I’ve been reading and thinking a lot about the so-called education reform movement lately. Many of the movement’s highest-profile success stories have been (or should have been) discredited by recent cheating scandals. Although the cheating in Atlanta seems to have been the most systematic—the “Atlanta miracle” was built on the same house of cards as the “Texas miracle”—even movement darling Michelle Rhee hasn’t escaped the brouhaha unscathed. At least one of the D.C. schools Rhee touted as exemplary gained blue-ribbon accolades thanks to impossibly lofty wrong-to-right erasure rates. Unsurprisingly, high-stakes testing, where student scores are tied to teacher, school, and district evaluations—upon which rewards and punishments are issued—have led to a culture of cheating and corruption. We should expect much more of the same, since this is the model touted by Obama and his Secretary of Education, former Chicago Public Schools CEO (yes, CEO) Arne Duncan, in the form of the “Race to the Top” policy that allocates big money to those states most aggressive in implementing measures celebrated by educational reformers.
There’s much work to be done by educational historians on the so-called educational reform movement. Although movement activists herald their ideas as fresh and bold, they don’t offer much new (aside from the enthusiasm with which they embrace market solutions to intransigent problems). For instance, like progressive educators since John Dewey, current educational reformers almost always sell their wares as instruments of justice. And yet, like the progressive education movement of the early twentieth century, current trendy reform mechanisms always end up serving the ends of order: whereas the progressive education movement’s most longstanding success story was its pedagogical program for “Americanization,” current reform success is calculated by how well students score on standardized tests and by college-entrance rates. In short, educational progress as measured by how well students stack up against conventional standards will always and inevitably reinforce the status quo.
Educational thinkers have long debated the role of education in society from one side or the other of the thin line between justice and order. In a compelling review of John Marsh’s Class Dismissed: Why We Cannot Teach or Learn Our Way Out of Inequality, Malcolm Harris of The New Inquiry expresses the pessimistic, but frankly realistic view that schools are nothing more than engines of social reproduction. He pithily writes:
The hope is that every student has a teacher or two over a decade and a half that really makes them question and think, but either way, we silently acknowledge that they’ll spend the majority of their young vigor-filled lives quivering at the arbitrary mercy of petty kooks and jowly tyrants. Schools train students in what business professor Stefano Harney says every diploma really proves: “that the student can follow arbitrary authority, endure boredom, and compete against others.”
Such dour analysis has deep roots in Marxism. As Marx and Engels wrote in The Communist Manifesto: “Culture is, for the enormous majority, a mere training to act as a machine.” We might as well substitute “culture” with “education.” Thinking about education as merely reproducing the capitalist order has been common amongst neo-Marxists since conditioned by Louis Althusser’s famous 1969 essay, “Ideology and Ideological State Apparatuses (Notes Towards an Investigation).” (Much of my analysis of Althusser and his acolytes is drawn from the conclusion of my book, Education and the Cold War.) For Althusser, a state apparatus such as a public school system hailed, or, in Althusserian language, “interpellated” subjects to their predetermined tasks. Subjects in the educational apparatus were “always-already” called into being. There was no hope that people could rise above the ideological structure of a school. Justice was, at best, a façade, covering over the actual work being done by the schools: reproducing the dominant ideology and, as such, the status quo social order.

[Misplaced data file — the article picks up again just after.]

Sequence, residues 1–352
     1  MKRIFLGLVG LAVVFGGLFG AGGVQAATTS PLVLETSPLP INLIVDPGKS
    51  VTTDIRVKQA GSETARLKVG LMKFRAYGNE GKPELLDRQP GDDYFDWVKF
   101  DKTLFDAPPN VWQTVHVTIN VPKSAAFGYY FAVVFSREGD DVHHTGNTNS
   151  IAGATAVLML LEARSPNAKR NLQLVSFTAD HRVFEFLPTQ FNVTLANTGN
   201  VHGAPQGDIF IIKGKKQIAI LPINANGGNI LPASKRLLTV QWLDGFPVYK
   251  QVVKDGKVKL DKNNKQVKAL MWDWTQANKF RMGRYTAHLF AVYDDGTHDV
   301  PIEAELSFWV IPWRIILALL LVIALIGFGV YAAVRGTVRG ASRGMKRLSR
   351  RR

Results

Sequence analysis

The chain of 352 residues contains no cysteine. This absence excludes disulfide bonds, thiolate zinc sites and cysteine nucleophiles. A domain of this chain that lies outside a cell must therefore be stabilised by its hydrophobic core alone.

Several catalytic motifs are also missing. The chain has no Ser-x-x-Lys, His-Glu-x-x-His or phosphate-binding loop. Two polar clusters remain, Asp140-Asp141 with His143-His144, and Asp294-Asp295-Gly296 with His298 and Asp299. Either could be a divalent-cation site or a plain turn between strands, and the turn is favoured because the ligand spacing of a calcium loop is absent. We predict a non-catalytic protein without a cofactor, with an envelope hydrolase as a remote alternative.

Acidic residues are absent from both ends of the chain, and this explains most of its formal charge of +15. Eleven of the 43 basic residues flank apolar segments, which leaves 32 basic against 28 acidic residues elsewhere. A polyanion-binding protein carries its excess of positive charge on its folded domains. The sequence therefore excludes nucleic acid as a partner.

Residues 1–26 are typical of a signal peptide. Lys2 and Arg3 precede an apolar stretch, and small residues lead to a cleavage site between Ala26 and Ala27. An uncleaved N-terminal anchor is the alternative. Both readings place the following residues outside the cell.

The leading neo-Marxist theorists of educational reproduction in the United States after the 1960s were Samuel Bowles and Herbert Gintis. Their book Schooling in Capitalist America was the most important empirical contribution to the genre. The Bowles and Gintis critique was rooted in their disillusionment with liberal reform in the United States, specifically with the failed assurance of social mobility—the promised by-product of public education. One of the basic thematic premises of Bowles and Gintis was that “the meritocratic orientation of the educational system promotes not its egalitarian function, but rather its integrative role.”
And yet, there have been a host of thinkers with leftist and Marxist orientations who have emphasized the liberating possibilities of education. Paulo Freire, author of the acclaimed Pedagogy of the Oppressed, which has been canonized by colleges of education, is the most important signpost of such thinking. According to Freire, the great humanistic task of the oppressed was to liberate both themselves and their oppressors from dehumanization. But, paradoxically, humanization affirms itself in the face of dehumanization—this is the “pedagogy of the oppressed.” Henry Giroux, the most widely read North American of the Freire school of thought, took this one step further: he argued that educators should join the oppressed in the vanguard of liberation. Education could be a force for revolution.